Volcanos erupt in Indonesia and Ecuador
Two volcanoes have erupted in two parts of the world at the weekend, one with deadly effect.
At least 15 people have been killed by a volcanic eruption on Mount Sinabung on Indonesia's Sumatra island, while the search continues for dozens believed missing.
Meanwhile in Ecuador, a blast created an 8 kilometre column of ash above the Tungurahua volcano.
A 24-year-old man badly burned when Mt Sinabung spewed searing rocks and gas on Saturday (local time) died in hospital, while two other victims were being treated for serious injuries, said Sutopo Nugroho, spokesman for the National Disaster Management Agency.
Fourteen bodies were found hours after Saturday's eruption.
"There are reports that some more bodies have been found but we don’t know how many," Nugroho said.
Mount Sinabung, which has been rumbling since September, erupted again on Saturday after a few days of lull when some residents began returning to their homes nearby.
The disaster agency said pyroclastic flows from the latest eruption travelled as far as 4.5 kilometres down the volcano’s slopes at a speed of 100 kilometres per hour, destroying everything on their path.
Rescuers found 14 bodies, and said the death toll could rise after some residents who went up to tend to their crops on the volcano’s slopes did not show up at their emergency shelters.
Earlier on Sunday, an aid worker said at least 50 people were still missing.
"We lost contact with 50 residents," said Benny Kaban, a local Protestant minister and aid worker. "They usually returned to their shelters at 6 in the evening."
Most of the 14 victims died in a village less than 3 kilometres from the peak of Mount Sinabung, officials said.
The government last month extended the exclusion zone from 5 kilometres to 7, but on Friday, the National Disaster Management Agency said residents living in 16 villages farther than 5 kilometres from the peak were allowed to return home after days of quiet.
Local media reported that seven of those killed were students of a Christian university in Medan, the capital of North Sumatra province, who were volunteering to help displaced people.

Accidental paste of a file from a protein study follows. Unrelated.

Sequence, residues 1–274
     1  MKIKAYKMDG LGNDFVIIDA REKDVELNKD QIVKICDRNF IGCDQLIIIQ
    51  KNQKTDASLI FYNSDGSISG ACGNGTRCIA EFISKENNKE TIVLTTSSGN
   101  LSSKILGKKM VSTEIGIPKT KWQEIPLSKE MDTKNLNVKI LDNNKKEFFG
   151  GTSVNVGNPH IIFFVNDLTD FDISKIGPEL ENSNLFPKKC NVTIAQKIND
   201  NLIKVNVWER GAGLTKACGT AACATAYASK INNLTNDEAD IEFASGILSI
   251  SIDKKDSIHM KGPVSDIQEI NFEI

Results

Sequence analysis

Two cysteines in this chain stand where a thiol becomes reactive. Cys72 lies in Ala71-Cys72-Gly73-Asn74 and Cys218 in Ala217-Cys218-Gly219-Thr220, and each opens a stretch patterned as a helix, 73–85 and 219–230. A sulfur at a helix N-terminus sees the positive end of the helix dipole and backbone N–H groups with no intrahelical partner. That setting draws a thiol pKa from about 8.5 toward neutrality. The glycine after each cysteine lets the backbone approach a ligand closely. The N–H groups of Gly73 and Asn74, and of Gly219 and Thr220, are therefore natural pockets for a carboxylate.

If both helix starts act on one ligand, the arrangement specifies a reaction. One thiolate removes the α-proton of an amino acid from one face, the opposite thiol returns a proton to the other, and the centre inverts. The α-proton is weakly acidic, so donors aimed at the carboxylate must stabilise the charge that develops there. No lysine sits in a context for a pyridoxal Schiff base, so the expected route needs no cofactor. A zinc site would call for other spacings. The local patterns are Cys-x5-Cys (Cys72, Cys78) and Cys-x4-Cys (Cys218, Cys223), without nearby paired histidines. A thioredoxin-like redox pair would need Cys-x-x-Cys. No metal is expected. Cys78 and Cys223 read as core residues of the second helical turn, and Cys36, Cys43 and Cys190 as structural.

More than 30,000 people have sought refuge in government buildings, churches, schools and mosques since the latest round of eruptions began four months ago.
President Susilo Bambang Yudhoyono on Sunday expressed condolences for the deaths and urged residents to be patient.
"To residents and aid workers, please avoid the danger zone," Yudhoyono said on his official Twitter account. "Eruptions can happen any time."
The 2460-metre volcano had been dormant for 400 years before it erupted in August 2010.
The Indonesian archipelago is home to nearly 130 active volcanoes.
Weeks of eruptions by Mount Merapi on Java left more than 350 people dead and 150,000 displaced in 2010.
ECUADORIAN VOLCANO'S ASH CLOUD 8KM HIGH
Meanwhile, Ecuador's Geophysics Institute is reporting that the Tungurahua volcano has erupted three times, spewing ash and lava in what it called an important increase in activity.
The institute said that two moderate explosions on Saturday (local time) were followed by a third of greater size, and pyroclastic flow stretched 500 metres down its flank. The blasts created an 8 kilometre column of ash above the volcano, which is located 135 kilometres southeast of the capital, Quito.
Authorities said the lava reached the lower part of a ravine called Achupashal, blocking a route to a tourist site called Banos.
Tungurahua is 5023 metre high and has been active since 1999. An outburst in 2006 left four dead and two missing.